THE BLOG
11/10/2006 10:37 am ET | Updated May 25, 2011

Only One Scar of 9/11 Has Failed to Heal

New York -- So what happened? In October 2001, a month after 9/11, the New York City
comptroller's office produced a report sunk in doom. It was the answer to
Osama
bin Laden's prayer, portaying a city devastated not by the collapse of the
twin
towers but by the resulting hysteria. Companies would flee. Thousands of
jobs
would be lost and billions in income would disappear. Forget heroic
resilience,
this was panic.

The loss of buildings was assessed at $34 billion, of which only half was
insured. Beyond that was an "ongoing" impact of up to $60 billion.
Manhattan
was already suffering a recession and now even companies inclined to stay
"will
in future avoid concentrating employees in one area." Pundits were
concerned
that the new generation of high, lightweight glass buildings would have to
be
so strengthened as to be uneconomic. Tourists would shun a city with so
many
iconic targets.

The truth is that governments, even New York ones, do not understand
cities.
They are the unruly teenagers of the modern state. One survey after another
has
shown that the impact of 9/11 on New York has been negligible. Tourists
briefly
punished the city for its suffering by staying away but the place soon
returned
to normal. The Wall Street area near the World Trade Centre had been in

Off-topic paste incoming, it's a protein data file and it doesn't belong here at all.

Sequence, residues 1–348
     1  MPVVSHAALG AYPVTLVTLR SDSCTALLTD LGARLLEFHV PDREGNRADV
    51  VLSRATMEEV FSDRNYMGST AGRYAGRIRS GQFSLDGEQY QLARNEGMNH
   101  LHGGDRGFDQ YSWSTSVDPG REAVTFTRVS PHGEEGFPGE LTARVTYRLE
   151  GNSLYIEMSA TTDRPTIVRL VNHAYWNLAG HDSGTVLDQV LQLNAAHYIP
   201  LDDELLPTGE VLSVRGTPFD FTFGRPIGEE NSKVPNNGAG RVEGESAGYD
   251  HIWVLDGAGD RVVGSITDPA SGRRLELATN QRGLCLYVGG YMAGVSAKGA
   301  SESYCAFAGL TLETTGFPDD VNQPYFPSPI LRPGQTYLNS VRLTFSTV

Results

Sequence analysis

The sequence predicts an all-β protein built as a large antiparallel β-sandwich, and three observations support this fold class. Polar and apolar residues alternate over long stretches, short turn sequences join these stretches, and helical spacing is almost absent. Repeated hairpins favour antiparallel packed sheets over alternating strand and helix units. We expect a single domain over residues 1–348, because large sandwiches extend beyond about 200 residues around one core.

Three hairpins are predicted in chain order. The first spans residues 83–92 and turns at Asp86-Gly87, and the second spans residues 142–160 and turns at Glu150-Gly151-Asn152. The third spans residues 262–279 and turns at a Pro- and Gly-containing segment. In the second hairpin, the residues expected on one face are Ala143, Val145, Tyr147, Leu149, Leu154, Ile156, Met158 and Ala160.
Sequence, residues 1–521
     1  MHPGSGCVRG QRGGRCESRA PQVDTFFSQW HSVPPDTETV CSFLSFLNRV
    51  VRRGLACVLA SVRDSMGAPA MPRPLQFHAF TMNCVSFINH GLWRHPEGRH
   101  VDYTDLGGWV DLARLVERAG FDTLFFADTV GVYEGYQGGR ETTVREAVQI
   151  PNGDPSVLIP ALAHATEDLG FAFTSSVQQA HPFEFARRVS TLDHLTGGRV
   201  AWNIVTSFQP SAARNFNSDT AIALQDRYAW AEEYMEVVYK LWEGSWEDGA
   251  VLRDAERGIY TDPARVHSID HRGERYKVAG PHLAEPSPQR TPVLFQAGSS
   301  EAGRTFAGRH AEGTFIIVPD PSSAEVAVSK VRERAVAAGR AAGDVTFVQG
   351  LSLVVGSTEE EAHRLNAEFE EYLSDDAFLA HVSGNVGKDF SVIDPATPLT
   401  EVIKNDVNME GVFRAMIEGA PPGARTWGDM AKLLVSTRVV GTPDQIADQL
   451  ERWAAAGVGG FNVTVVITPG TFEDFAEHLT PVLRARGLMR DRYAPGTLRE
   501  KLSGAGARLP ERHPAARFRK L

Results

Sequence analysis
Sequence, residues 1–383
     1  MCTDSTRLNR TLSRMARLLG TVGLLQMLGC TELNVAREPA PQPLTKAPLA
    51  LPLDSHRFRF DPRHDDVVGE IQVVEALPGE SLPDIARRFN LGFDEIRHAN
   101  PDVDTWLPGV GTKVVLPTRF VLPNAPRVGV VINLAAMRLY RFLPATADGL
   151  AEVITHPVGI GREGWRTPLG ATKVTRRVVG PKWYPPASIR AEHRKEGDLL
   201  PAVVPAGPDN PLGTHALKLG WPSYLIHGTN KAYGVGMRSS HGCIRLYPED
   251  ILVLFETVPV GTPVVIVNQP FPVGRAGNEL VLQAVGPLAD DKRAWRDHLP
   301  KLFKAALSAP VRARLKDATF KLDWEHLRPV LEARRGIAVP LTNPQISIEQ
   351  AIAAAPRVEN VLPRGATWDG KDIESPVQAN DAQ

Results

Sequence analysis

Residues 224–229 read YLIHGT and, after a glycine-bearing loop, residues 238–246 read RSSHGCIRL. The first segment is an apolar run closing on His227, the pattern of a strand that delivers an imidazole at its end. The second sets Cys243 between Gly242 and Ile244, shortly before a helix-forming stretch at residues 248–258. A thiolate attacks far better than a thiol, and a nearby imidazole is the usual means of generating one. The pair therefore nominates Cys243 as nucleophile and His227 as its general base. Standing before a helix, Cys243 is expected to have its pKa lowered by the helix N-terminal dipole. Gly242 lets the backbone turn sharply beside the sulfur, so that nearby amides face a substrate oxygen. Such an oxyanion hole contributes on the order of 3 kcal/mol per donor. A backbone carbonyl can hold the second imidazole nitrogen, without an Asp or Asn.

fast
decline, with office vacancies running at a dreadful 30 per cent in the
1990s.
But drastic action by Mayor Giuliani through tax abatement and rezoning for
housing had reversed this and the 9/11 did not affect this. The only firm
to
leave New York was the cigarette company, Philip Morris, fleeing to the
tobacco-friendly south. Visitors poured downtown to see the site and a boom
occurred in yuppie riverside apartments near ground zero.

New York was blessed with two mayors well suited to the moment. Rudolph
Giuliani steadied the ship when Washington was taking to the hills. Michael
Bloomberg, coming to office soon afterwards, rectified New York's ever
critical
finances. The city in 1975 had faced bankruptcy and still lurches in that
direction. Wall Street moaned incessantly against high taxes and
over-regulation, which it says have led to New York this year losing
financial
pre-eminence to London. Yet some survival instinct always pulls cities back
from the precipice.